Power In The Park

By Dayan Jayatilleka 

Dr. Dayan Jayatilleka

After Hyde Park, March 17th 2016, politics cannot go on as before. Not for much longer anyway.

For a few months now, Prof. Kumar David, a literate leftist and an ideologue of the Yahapalana bloc, has strenuously urged in his columns that the UNF (and its cosmopolitan left allies) “smash the Rajapaksas on the streets”. Luckily for the UNF, it chose to ignore that advice or else it would have been a case of “Bambi meets Godzilla”, with the UNF playing Bambi.

Just how ludicrous the Prime Minister’s exuberant threats to take to the streets in March was, became evident with the modest display the UNF put up in Colombo, a hub of UNP strength, on March 15th, when the numbers were insufficient to hold a public meeting at Hyde Park and settled for a few speeches at the Lipton Circus which is the usual venue for trade union picketing.

The footage of Ranil Wickremesinghe viewing his troops while standing in the crowd, arms folded and tight lipped, was in complete contrast to the ebullience of Mahinda Rajapaksa and the view from his vantage point at Hyde Park the next day.

The crowd at Hyde Park was bigger than Nugegoda and Nugegoda was big. I know, not only because I was seated on both platforms, but also because I was a boyhood veteran of Hyde Park rallies in the 1960s and ’70s, after which my father would repair to the bar on the top floor of the building opposite (now the APIIT) and discuss the rally with the Left orators such as Vajira Pelpita. I recall Wijeweera’s famous Hyde Park meeting of early 1971, where he wore a red polo-neck and demonstrated karate moves. That large meeting was a mere fraction of the crowd that packed the place and its environs on March 17th. As overhead shots showed, the Hyde Park crowd stretched up to the ODEL roundabout and down most of Union Place. The crowd was so densely packed that ex-President Rajapaksa and those on the stage were tossing their bottles of water to those in difficulty just in front of them.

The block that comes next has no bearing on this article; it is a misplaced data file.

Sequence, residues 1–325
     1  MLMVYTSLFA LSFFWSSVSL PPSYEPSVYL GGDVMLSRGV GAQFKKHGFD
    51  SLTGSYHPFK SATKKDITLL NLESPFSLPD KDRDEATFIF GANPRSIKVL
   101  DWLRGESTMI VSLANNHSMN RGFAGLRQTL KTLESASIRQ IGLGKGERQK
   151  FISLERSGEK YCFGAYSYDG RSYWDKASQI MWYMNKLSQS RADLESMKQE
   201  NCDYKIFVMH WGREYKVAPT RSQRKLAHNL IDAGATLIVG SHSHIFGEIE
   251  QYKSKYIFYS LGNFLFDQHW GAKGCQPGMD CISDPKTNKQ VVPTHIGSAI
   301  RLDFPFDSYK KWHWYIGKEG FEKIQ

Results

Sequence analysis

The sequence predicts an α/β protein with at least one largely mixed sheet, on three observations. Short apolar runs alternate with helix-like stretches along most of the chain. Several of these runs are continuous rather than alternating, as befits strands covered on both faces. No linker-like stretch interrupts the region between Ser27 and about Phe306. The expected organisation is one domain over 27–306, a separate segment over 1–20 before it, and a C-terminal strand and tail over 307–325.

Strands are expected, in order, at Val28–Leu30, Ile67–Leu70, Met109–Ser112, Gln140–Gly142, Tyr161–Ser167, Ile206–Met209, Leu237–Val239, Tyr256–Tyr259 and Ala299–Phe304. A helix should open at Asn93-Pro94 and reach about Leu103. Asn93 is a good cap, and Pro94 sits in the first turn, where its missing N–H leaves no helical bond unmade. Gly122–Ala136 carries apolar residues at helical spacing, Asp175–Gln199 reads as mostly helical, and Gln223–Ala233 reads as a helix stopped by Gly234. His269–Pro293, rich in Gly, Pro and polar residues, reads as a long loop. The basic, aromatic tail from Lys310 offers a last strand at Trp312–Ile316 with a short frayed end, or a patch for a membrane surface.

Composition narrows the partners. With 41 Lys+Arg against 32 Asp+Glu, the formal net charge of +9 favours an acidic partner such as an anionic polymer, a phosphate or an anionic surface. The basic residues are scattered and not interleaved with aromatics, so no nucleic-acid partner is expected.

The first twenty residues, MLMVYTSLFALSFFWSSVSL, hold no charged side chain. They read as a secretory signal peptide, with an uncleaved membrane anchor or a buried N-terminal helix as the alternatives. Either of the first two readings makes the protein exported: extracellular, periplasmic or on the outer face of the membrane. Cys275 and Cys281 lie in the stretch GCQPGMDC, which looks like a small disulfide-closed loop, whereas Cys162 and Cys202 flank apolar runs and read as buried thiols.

The huge audience was strongly determined. It was multiclass, ranging from the underprivileged to white collar workers, professionals and managers. If this isn’t a mass movement, I don’t know what is.

This is a popular political movement whose leadership clearly showed that it will not be intimidated. It dared the government to do its worst, be it in the form of sackings or incarceration.

This is also a movement that is on the offensive (or as the Americans say “on the offense”). Its discourse revealed its intention and goal: the removal of the UNP government of Prime Minister Ranil Wickremesinghe. This did not necessarily mean overthrow and left room for its replacement by an SLFP dominated government of a coalitional character.

How on earth does the UNP leadership hope to implement painful IMF cutbacks, push through devolution beyond the 13th amendment, cooperate in a Hanuman bridge connecting Tamil Nadu with northern Sri Lanka, sign ECTA which opens our IT sector to the neighboring behemoth, and set up special laws and special courts with foreign participation to try those who fought and won the war, when standing against it is a strong, motivated opposition movement with a formidable political leadership?

Any single one of those measures could trigger a storm of protest within and outside parliament. The only way out is a consensual process based on roundtable discussion and collective deliberation, with buy-in by all major stakeholders including the Joint Opposition.